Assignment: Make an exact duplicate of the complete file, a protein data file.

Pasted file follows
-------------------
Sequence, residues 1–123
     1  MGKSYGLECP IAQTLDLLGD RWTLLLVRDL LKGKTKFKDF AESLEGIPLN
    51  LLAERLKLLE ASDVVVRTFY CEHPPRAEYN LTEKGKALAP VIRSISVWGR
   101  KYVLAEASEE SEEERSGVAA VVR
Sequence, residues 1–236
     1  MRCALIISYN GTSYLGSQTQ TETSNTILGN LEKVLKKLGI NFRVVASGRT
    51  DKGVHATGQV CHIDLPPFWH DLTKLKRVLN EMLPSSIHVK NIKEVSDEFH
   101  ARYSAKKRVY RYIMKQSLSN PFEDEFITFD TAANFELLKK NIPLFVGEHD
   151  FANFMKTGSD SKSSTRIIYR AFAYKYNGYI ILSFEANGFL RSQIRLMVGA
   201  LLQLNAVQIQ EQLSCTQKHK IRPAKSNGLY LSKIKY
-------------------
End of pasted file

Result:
Sequence, residues 1–123
     1  MGKSYGLECP IAQTLDLLGD RWTLLLVRDL LKGKTKFKDF AESLEGIPLN
    51  LLAERLKLLE ASDVVVRTFY CEHPPRAEYN LTEKGKALAP VIRSISVWGR
   101  KYVLAEASEE SEEERSGVAA VVR
Sequence, residues 1–236
     1  MRCALIISYN GTSYLGSQTQ TETSNTILGN LEKVLKKLGI NFRVVASGRT
    51  DKGVHATGQV CHIDLPPFWH DLTKLKRVLN EMLPSSIHVK NIKEVSDEFH
   101  ARYSAKKRVY RYIMKQSLSN PFEDEFITFD TAANFELLKK NIPLFVGEHD
   151  FANFMKTGSD SKSSTRIIYR AFAYKYNGYI ILSFEANGFL RSQIRLMVGA
   201  LLQLNAVQIQ EQLSCTQKHK IRPAKSNGLY LSKIKY